Gulf States Are Not Equipped To Help In Syria

Al-Bayan, UAE, April 20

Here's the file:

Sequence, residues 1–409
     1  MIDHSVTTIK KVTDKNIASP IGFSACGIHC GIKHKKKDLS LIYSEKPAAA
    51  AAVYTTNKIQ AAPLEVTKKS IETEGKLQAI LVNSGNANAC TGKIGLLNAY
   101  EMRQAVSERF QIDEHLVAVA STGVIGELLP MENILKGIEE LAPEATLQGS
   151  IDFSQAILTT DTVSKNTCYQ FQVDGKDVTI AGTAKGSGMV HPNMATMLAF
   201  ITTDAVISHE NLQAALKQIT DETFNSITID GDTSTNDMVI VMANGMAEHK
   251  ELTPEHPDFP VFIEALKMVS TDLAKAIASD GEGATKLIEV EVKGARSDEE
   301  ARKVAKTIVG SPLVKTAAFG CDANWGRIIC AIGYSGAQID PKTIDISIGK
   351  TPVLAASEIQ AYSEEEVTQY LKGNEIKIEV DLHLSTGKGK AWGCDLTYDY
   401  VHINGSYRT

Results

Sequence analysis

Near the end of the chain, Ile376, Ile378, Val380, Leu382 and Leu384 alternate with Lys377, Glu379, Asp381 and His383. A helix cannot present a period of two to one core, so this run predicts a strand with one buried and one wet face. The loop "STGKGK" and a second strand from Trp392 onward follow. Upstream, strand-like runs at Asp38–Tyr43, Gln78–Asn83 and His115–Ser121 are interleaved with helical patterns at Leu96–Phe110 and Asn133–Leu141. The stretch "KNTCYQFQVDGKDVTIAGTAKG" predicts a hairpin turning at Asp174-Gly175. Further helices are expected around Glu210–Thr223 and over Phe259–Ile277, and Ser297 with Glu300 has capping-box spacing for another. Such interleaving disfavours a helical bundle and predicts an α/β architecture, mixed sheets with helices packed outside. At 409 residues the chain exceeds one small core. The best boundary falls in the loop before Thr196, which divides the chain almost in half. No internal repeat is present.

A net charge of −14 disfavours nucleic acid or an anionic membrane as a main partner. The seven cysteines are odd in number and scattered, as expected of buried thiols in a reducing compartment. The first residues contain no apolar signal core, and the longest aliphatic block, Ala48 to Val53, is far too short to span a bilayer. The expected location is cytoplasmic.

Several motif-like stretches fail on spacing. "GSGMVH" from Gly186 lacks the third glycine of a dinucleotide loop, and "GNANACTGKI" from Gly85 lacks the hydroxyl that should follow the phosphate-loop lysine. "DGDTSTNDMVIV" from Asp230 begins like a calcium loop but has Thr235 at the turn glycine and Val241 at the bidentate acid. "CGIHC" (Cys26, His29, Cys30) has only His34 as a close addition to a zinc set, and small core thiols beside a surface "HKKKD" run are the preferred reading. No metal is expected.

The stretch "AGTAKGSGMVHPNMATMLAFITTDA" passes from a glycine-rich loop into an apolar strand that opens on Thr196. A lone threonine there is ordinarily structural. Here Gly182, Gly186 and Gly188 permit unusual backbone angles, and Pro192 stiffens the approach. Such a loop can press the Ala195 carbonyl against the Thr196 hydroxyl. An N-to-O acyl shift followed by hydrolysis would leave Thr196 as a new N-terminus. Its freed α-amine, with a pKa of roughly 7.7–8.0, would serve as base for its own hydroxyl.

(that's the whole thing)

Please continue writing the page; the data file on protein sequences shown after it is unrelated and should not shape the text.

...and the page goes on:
When U.S. President Donald Trump announced a few weeks ago his plan to withdraw all American forces from Syria, he made sure to note that if “other countries” want to spend money on governing the country, they are free to do so. Political commentators assumed that Trump was talking about Russia and Iran and that this so-called “invitation” to enter the Syrian quagmire was more of a ploy than anything else: namely, an attempt to remind Moscow and Tehran just how costly an armed intervention in another country can be. Trump understands this reality very well given that Washington has spent trillions of dollars on its military operations in the Middle East since its invasion of Afghanistan in 2001. Now, political experts contended, it was time for Russia to carry the brunt of the burden. But a few weeks after Trump’s announcement we suddenly learned what the president was really referring to. Following a series of visits by Gulf leaders to the White House, Trump announced his expectation that Arab countries—like Saudi Arabia, the UAE and Egypt—step up to the plate and help in Syria. This proposal seems ridiculous at best. Syria has been controlled by Russia, a global superpower which can only be counter-balanced by a player of similar caliber such as the United States. In addition, as the Syrian war enters its 8th year, it is almost impossible to imagine any outside party intervening at this stage. The sad reality is that Trump is not really interested in seeing another power fill the vacuum that would be left by the United States in Syria. He also isn’t concerned with the suffering of the Syrian people. If the White House really wanted to withdraw from and allow a new player to take its place, it would have conducted a closely-coordinated, gradual transfer of power to a new Arab army. Or, at the very least, it would have equipped Syrian opposition forces with weapons to enable them to survive. –Razzy Duhman 

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